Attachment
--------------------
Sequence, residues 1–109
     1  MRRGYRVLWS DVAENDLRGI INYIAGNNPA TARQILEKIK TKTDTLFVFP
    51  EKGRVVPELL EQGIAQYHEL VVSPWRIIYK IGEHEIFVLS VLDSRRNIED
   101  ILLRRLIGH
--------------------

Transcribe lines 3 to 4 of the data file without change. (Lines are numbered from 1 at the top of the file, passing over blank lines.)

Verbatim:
    51  EKGRVVPELL EQGIAQYHEL VVSPWRIIYK IGEHEIFVLS VLDSRRNIED
   101  ILLRRLIGH